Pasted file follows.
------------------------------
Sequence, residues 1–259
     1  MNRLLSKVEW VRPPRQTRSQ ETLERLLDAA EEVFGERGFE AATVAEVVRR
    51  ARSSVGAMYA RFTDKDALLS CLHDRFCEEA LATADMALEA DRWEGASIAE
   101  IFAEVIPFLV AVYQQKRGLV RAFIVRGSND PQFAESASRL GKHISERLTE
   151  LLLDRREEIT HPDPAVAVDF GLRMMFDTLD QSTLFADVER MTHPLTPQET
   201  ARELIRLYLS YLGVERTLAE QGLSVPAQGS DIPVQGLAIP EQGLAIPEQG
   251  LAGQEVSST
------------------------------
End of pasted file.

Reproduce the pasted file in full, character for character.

Sequence, residues 1–259
     1  MNRLLSKVEW VRPPRQTRSQ ETLERLLDAA EEVFGERGFE AATVAEVVRR
    51  ARSSVGAMYA RFTDKDALLS CLHDRFCEEA LATADMALEA DRWEGASIAE
   101  IFAEVIPFLV AVYQQKRGLV RAFIVRGSND PQFAESASRL GKHISERLTE
   151  LLLDRREEIT HPDPAVAVDF GLRMMFDTLD QSTLFADVER MTHPLTPQET
   201  ARELIRLYLS YLGVERTLAE QGLSVPAQGS DIPVQGLAIP EQGLAIPEQG
   251  LAGQEVSST